Natalie Gravenor | Wednesday July 1st, 2015 | 1
Early July is a good opportunity to experience Ukrainian filmmaking past and present in all its diversity. Until July 2, the Ukrainian Film Days are screening a small, carefully curated program at the Babylon cinema. A special preview of Myroslav Slaboshpytskiy’s groundbreaking festival sensation “The Tribe“ opened the festival (German theatrical release is scheduled for October 2015). Also showing: Sergej Loznitsa‘s epic documentary “Maidan”, a chronicle of the protests in 2013/2014 – Loznitsa currently resides in Germany; a biopic of innovative and persecuted Soviet-era filmmaker Sergej Paradjanov (born in Georgia to Armenian parents, worked in the then Ukrainian SSR) along with his early classic THE SHADOWS OF THE FORGOTTEN ANCESTORS and the crowdfunded documentary “Release Oleg Sentsov” in support of the director who has been imprisoned since May 2014 apparently for criticizing the Russian annexation of the Crimea. The documentary is screening before Sentsov’s intense 2012 drama “Gamer” about a teenager for whose life revolves around becoming a world champ at computer games.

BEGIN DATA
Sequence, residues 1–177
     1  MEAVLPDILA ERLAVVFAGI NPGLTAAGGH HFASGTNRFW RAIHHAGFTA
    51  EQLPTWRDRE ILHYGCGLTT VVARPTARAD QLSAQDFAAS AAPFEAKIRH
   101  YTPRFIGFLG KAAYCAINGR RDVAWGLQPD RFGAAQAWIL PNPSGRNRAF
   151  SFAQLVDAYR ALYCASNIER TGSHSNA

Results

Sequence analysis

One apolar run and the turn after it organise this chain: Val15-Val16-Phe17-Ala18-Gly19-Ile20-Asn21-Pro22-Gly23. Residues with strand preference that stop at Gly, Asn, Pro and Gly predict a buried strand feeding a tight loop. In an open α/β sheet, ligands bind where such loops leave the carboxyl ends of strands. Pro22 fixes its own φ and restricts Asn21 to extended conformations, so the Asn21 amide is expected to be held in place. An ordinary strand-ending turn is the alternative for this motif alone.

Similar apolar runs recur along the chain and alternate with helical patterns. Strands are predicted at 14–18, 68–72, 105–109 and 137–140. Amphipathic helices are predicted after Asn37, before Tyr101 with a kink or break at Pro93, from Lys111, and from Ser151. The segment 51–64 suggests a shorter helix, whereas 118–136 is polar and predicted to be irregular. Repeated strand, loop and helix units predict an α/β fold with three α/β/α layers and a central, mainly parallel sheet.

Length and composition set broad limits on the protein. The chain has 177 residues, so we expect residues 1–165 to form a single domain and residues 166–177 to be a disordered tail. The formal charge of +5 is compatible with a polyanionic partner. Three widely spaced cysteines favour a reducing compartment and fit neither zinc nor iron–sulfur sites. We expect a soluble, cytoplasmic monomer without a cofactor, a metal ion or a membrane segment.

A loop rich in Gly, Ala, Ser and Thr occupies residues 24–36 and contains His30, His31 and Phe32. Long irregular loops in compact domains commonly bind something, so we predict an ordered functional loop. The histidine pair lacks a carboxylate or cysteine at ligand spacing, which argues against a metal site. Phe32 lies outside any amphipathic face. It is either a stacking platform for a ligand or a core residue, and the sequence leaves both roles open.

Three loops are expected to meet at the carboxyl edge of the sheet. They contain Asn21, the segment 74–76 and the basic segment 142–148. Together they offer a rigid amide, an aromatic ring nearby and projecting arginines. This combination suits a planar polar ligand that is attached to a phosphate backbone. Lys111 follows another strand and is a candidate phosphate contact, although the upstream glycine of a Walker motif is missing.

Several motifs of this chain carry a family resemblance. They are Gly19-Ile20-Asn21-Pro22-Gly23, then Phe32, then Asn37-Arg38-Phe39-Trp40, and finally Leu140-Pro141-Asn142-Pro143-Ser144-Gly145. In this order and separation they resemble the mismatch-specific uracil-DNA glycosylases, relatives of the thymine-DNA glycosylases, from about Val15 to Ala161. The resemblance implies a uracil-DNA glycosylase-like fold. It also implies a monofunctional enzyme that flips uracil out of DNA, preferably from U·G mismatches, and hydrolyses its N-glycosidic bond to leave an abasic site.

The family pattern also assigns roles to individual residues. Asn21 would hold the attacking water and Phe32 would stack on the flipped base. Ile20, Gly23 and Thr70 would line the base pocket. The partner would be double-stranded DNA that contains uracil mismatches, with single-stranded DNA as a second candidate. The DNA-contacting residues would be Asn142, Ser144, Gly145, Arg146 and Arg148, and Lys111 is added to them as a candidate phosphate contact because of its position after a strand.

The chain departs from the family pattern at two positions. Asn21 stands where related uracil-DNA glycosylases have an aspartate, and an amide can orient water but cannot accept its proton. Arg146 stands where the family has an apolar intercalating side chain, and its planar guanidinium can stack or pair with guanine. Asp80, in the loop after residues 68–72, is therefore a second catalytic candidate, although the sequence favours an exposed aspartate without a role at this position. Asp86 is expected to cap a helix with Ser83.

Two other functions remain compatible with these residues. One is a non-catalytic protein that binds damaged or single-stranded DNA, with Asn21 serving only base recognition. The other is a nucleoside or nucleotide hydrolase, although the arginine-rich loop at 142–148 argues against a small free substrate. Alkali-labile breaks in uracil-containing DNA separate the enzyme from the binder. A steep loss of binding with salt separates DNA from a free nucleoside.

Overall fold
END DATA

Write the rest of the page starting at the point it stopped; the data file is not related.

immediately following the Ukrainian Film Days is a program of 1930s films from the Ukrainian Soviet Socialist Republic at the Arsenal. The selection highlights the leading role Ukrainian cinema played within the Soviet avantgarde. This is a good as an opportunity as any to catch Dziga Vertov’s essential “Man With A Movie Camera” and “Enthusiasm” (shot in the Ukrainian Donbass region) and “In Spring” by Vertov’s brother Mikhail Kaufman. Or discover Alexander Dovzhenko’s “Arsenal” and “Zvenigora” and other bold experiments from the time. The prints have been recently restored by the Alexander Dovzhenko Center in Kyiv. The retrospective runs until July 10.
realeyz features a selection of Sergej Loznitsa’s earlier documentaries and feature narratives.